Sudanese officials, however, went as far as to deny press reports and insisted that the construction of the Dam would not affect the development of the country, if it is conducted in cooperation and harmony with the three countries.
To the delight of the Sudanese, Ethiopia agreed to the formation of a technical team, drawn from representatives of the three countries and embracing international water experts, to evaluate the potential impact of the Dam. The first meeting of the panel of international experts was held in May 2012, and a follow-up meeting was conducted in Khartoum in the beginning of July.
Such developments seemed to ease the tension created after the launch of the GERD. The Sudan-based symposium was also conducted with this essence. The discussion mainly emphasised the benefits of the Dam for Sudan. Reduction of alluvium, provision of water at a fixed and stable rate, reduction of soil erosion, and supply of electricity at a cheaper rate were among the advantages raised during the symposium.
“Sudan can make maximum use of this Dam, which will reduce clay [build-up], whose removal costs millions of dollars,” Saifuddine Hamad Abdallah (Prof), minister of Irrigation & Water Resources of Sudan was quoted as saying in the country’s independent daily, Sudan Vision. “The Dam will provide water at fixed levels that will help irrigated agriculture, especially on the wake of shortages of rain across the regions of the country.”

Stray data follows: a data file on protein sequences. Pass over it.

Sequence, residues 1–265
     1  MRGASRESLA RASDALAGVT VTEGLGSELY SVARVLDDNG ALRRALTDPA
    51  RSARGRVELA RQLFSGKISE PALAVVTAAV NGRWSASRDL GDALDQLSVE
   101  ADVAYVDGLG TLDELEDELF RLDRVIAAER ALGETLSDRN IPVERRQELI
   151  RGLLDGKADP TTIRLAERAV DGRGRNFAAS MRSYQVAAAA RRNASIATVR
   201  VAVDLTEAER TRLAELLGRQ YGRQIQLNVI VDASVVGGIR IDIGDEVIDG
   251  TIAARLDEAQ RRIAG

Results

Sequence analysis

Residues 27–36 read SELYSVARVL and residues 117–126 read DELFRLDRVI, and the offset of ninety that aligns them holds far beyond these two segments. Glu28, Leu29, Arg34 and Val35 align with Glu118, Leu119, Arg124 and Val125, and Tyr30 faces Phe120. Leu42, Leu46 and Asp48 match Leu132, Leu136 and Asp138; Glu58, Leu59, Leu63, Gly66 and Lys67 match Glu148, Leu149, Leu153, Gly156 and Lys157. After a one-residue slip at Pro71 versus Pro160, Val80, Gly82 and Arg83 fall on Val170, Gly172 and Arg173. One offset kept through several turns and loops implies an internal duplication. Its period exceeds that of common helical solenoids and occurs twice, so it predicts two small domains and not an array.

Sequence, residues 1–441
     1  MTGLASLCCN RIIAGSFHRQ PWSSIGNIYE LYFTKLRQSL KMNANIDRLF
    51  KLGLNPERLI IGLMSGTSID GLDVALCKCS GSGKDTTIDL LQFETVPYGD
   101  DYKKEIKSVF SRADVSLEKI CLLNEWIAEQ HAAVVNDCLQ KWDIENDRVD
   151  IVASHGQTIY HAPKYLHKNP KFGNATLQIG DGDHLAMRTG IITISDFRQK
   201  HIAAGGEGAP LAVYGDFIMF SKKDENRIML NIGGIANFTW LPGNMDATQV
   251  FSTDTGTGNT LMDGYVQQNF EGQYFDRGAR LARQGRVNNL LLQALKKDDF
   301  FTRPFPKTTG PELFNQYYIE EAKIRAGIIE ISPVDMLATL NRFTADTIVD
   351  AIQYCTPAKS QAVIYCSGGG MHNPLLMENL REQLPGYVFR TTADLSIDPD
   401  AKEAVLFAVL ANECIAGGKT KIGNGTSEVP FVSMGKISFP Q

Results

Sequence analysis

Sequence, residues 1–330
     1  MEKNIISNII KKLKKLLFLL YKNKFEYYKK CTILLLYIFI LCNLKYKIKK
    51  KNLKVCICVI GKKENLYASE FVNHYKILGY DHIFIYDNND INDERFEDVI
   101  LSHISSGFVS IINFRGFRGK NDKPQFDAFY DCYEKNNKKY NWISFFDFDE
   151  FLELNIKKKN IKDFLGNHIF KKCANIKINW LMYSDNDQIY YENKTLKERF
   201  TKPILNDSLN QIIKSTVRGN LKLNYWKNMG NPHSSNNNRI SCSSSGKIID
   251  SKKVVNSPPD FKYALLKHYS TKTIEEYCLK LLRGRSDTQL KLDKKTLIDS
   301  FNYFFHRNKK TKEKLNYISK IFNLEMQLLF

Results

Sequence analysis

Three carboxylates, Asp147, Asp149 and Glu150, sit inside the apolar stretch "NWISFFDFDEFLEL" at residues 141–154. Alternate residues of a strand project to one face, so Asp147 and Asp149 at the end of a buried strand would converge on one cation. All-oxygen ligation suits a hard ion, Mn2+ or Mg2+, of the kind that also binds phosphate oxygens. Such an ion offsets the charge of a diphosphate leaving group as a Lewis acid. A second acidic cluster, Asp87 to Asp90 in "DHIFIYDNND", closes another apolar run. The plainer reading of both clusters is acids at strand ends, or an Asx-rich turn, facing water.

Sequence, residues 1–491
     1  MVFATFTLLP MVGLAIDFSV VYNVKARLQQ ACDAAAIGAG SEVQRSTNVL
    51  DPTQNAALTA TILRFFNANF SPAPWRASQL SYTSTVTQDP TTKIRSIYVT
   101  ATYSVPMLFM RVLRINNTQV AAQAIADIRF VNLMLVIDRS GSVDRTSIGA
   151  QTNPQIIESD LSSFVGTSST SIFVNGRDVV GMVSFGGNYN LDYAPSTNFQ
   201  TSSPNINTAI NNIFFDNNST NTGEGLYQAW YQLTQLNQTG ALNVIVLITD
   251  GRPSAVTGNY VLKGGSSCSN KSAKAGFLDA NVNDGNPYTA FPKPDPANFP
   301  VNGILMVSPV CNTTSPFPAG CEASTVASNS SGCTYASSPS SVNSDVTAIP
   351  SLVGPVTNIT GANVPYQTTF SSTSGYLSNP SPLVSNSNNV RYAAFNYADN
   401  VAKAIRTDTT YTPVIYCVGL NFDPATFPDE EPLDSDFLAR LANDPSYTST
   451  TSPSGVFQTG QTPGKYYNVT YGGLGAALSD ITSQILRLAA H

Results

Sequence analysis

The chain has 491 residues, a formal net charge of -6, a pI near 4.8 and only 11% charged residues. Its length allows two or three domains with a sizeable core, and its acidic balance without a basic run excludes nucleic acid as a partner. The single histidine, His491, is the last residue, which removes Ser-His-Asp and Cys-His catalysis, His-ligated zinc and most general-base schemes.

Like Egypt, Sudanese officials previously feared that Ethiopia’s mega Dam project would affect the water levels in the River. Egyptians argued that they were entitled to receive 55 billion cubic metres of Nile water, while Sudan was entitled to 18.5 billion cubic metres based on the 1959 agreement between the two.
Mohamed Akod Osman (Prof), dean of the Faculty of Engineering at the University of Khartoum, believes that the construction of the Dam will bring a “stable rate” of water to the Nile throughout the year. Like other participants at the symposium, Mohamed stressed that the Dam would minimise the sedimentation problem the country faced.
“The Dam will reduce alluvium for Sudan by 100 million cubic metres,” he mentioned in his paper presented at the symposium.
Experts, who have studied the Nile Basin, state that sedimentation is one of the main pressing problems in water resource management in the Nile Basin. The Ethiopian highlands are considered the main source of sediment, pouring a huge amount of eroded soil into the Nile. The sediment from Ethiopia has negative impacts on downstream countries of the Nile, according to a study, entitled Sediment in the Nile River System.